Asbestos inspection complete, demolition scheduled at Louisiana apartment complex

19 May 2015 by under News

Slidell Louisiana condemned apartments WVUE image 100x100 Asbestos inspection complete, demolition scheduled at Louisiana apartment complexDemolition of a condemned apartment complex in Slidell, La., received the green light to go ahead this week following the completion of an inspection to determine how much asbestos is present in the buildings. A licensed asbestos abatement company, Haltran Environmental Services, inspected the buildings and will work with contractor Holliday Construction LLC to safely demolish the structures.

Concerns about the property arose when a resident called the authorities March 12 to report a ceiling had collapsed during a rainstorm and apartments were flooding. A subsequent inspection of the property revealed the buildings were uninhabitable. The Westchester Apartments were condemned at an emergency meeting of the Slidell City Council just a few days later.

Residents of the apartments were relocated, and those living near the derelict property have been growing impatient for the city to remove the buildings. However, city officials say they are proceeding in a timely manner with an abundance of caution for handling the asbestos to ensure public safety. City Attorney Bryan Haggerty told the Times-Picayune the city is making sure it is in “full compliance” with state and federal environmental regulations regarding the removal and disposal of asbestos.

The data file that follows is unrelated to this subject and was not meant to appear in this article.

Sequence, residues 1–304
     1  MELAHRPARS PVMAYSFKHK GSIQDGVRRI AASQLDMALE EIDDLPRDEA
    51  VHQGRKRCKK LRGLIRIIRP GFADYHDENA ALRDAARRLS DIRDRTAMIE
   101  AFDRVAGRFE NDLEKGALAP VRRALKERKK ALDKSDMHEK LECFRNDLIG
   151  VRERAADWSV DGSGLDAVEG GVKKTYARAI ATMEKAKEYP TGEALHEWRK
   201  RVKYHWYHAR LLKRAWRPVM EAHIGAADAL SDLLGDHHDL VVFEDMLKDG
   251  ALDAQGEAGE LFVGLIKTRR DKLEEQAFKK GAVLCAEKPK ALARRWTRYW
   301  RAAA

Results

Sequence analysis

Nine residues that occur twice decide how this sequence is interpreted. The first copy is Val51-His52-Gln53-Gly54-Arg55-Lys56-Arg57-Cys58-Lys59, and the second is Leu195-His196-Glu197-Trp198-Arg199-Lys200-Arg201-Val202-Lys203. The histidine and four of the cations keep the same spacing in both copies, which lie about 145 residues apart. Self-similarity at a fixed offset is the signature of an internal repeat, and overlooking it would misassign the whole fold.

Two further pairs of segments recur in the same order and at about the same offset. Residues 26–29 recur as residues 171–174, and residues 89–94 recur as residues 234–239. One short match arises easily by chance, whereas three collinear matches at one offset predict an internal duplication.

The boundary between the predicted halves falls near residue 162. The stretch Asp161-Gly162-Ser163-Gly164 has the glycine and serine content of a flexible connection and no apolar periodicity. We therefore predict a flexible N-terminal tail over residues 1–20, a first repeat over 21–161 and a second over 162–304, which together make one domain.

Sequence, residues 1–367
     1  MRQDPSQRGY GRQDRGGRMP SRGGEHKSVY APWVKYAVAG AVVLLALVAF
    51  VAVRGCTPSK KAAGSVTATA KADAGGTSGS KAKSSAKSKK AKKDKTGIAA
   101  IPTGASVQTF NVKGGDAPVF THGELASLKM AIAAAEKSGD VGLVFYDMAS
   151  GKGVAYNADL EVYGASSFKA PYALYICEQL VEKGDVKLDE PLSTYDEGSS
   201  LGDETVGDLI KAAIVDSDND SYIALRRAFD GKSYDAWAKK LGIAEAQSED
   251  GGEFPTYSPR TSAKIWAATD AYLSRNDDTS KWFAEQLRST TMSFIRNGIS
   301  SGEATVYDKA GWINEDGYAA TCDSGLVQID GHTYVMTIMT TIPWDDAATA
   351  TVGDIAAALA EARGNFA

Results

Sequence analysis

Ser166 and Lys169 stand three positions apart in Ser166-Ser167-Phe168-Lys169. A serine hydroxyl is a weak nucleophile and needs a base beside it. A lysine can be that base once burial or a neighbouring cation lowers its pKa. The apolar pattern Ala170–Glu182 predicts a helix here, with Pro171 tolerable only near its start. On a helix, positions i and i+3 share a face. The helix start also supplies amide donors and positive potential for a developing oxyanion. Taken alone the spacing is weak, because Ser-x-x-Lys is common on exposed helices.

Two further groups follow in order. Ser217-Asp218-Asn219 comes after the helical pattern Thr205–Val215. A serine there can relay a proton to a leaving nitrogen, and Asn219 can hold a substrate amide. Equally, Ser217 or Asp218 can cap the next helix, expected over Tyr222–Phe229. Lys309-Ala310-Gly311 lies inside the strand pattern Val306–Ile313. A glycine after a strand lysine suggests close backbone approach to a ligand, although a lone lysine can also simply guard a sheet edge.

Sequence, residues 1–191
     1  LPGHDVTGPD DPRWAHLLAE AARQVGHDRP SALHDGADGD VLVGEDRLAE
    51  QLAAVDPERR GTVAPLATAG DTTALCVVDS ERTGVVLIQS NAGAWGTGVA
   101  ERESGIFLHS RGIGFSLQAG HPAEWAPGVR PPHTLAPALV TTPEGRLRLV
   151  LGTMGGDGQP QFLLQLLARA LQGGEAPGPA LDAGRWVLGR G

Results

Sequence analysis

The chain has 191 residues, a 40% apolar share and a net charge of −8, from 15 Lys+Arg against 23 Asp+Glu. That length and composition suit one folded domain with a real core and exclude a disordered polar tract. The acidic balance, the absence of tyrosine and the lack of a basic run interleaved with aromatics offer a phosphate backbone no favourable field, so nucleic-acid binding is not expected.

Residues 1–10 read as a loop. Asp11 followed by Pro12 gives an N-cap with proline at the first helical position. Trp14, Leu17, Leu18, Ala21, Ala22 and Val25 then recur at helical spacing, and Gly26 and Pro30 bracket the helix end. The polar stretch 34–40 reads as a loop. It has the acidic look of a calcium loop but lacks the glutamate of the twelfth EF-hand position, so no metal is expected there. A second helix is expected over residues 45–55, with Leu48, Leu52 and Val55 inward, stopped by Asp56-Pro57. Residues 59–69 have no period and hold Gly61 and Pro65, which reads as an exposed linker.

Asbestos is a mineral that was used in building for generations due to its strength and fire-resistant properties. It was commonly used in insulation, flooring and roofing materials. Asbestos is dangerous when it becomes crushed or broken, as in a renovation or demolition project, because it can release microscopic fibers that may be ingested or inhaled. These fibers may cause asbestos diseases including , a severe scarring of the lungs, or mesothelioma, a deadly cancer that affects the lining of the lungs, abdomen or, rarely, the heart. There is no known cure for mesothelioma.

The city tells the Times-Picayune it will spend about $200,000 on the demolition, including $14,500 for the asbestos inspection and continued monitoring, and about $174,500 for the demolition. Haggerty says the city will file a lien against the property following demolition to recover its money spent on the project.

Source: New Orleans Times-Picayune / Nola.com

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